Abuse in Shoujo by the Numbers: Week 7

Whoops, it’s another convention weekend and I’m exhausted and the column is already late so no extra notes this time around!

This Week:
Black Bird vol. 7
Black Rose Alice vol. 6
Boys Over Flowers vol. 5
Cactus’s Secret vol. 4
Dawn of the Arcana vol. 2
Demon Love Spell vol. 1


Black Bird vol. 7

Misao knows her relationship with Kyo is dangerous, but she’s used to being the one in peril! Will she be able to stand it when the tables are turned and Kyo is threatened?

As leader of the tengu clan and boyfriend of the Senka Maiden, Kyo gets a lot of attention in the demon world, and very little of it is good. From the wrath of a reincarnated dragon to the hatred of a demon hunter, Misao must face the fact that she isn’t the only one at risk in the relationship.

But how can she just stand by while Kyo is threatened?! (summary by Viz)

14 points

And just like that, Black Bird is back in its usual form with 14 points. There’s a weird sort of push and pull between Misao and Kyo in all aspects of their relationship. This volume picks up where the last one left off, where Misao is struggling about whether or not she should let Kyo have sex with a dragon princess, and when she decides at the last moment she can’t give her assent, it turns out Kyo was only pretending to weigh it as “punishment” for her kissing Sho as part of her plan. The moments where he picks on her are presented as affectionate and just a natural part of his personality, and while I do think some gentle antagonism can be a part of a healthy relationship, there’s no give and take. Misao is never cruel to Kyo or plays mind games in the same way, and without the balance, it’s only normalizing abuse.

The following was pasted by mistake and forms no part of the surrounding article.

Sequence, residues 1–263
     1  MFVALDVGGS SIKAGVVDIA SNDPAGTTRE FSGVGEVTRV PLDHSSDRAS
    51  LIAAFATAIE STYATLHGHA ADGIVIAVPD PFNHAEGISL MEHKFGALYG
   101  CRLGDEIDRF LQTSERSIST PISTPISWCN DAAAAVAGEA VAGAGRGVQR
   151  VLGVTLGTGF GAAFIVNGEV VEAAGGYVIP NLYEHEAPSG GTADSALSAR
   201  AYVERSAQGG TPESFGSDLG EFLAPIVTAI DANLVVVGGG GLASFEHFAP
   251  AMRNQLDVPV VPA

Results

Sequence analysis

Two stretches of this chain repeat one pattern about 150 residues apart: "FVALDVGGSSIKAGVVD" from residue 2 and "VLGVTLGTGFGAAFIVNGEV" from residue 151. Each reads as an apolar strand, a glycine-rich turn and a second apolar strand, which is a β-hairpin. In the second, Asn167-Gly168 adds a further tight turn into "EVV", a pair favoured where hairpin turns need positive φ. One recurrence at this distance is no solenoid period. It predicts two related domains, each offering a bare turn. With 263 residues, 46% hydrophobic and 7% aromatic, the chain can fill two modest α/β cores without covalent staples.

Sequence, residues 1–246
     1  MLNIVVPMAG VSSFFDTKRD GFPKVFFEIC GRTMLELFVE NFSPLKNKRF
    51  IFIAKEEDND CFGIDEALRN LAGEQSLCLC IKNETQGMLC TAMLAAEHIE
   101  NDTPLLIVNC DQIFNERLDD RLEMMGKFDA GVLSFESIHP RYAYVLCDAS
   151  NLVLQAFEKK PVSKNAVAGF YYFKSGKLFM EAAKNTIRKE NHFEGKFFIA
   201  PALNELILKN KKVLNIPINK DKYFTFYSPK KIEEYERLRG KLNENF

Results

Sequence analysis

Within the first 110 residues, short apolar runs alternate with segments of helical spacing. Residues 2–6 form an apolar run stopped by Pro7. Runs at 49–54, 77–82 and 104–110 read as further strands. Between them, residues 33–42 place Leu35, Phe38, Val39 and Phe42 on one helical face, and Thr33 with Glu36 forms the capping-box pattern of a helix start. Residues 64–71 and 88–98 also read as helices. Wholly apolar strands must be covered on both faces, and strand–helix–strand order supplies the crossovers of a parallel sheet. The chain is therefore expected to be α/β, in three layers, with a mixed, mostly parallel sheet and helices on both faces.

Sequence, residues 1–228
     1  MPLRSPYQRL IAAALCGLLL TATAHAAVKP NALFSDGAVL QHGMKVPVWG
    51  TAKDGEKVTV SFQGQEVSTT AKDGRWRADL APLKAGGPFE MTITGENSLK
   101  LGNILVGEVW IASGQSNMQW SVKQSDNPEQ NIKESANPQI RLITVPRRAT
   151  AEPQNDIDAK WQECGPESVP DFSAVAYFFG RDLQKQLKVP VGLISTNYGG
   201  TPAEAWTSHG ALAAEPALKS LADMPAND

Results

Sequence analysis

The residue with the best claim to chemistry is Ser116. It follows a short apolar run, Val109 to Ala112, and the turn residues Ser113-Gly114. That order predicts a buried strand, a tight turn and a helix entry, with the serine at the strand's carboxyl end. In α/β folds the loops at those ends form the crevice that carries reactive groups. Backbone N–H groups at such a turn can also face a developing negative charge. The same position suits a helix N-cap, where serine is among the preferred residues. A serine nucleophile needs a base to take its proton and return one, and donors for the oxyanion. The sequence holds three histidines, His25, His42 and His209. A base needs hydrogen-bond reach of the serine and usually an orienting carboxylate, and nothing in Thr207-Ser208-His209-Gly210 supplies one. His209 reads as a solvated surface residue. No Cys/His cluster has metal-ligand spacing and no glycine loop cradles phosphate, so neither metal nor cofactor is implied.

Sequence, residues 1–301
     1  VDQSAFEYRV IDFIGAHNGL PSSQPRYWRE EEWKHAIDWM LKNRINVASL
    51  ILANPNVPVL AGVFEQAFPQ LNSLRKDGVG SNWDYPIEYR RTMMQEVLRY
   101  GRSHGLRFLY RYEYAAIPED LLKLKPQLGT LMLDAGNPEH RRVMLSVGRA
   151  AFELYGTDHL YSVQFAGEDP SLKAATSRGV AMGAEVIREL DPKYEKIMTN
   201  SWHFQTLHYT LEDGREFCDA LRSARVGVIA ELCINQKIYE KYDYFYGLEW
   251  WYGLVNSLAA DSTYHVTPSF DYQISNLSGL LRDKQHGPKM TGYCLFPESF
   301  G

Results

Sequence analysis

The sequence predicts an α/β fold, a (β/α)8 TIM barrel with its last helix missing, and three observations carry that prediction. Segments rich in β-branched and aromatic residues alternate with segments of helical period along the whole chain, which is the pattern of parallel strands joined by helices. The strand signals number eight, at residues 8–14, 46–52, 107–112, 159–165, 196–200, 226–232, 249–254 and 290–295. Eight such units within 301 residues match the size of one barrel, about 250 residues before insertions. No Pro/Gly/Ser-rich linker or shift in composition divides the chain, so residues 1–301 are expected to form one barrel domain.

There’s a similar off-balance to the sexual part of their relationship, and even in Misao’s feelings toward sex. The first half of this volume focuses almost solely on sex, and Misao’s feelings about it. She alternates between burning desire and nervousness bordering fear, which I think is fairly normal for a hormonal teenage girl, but Kyo often pushes things too far in the latter moments, such as throwing her in the tub fully clothed when she resists bathing with him. The series regularly normalizes his expectations that Misao acquiesce to him sexually – the scene concluded with them engaging in non-penetrative sex – which is made even worse by the fact that he’s a fully-grown adult while she’s still adolescent. However, there are genuinely nice moments between them. There’s a body chocolate scene that shows a playful sexuality that I wish were present in more manga aimed at older teens, showing that sex isn’t always scary or serious but sometimes can just be fun.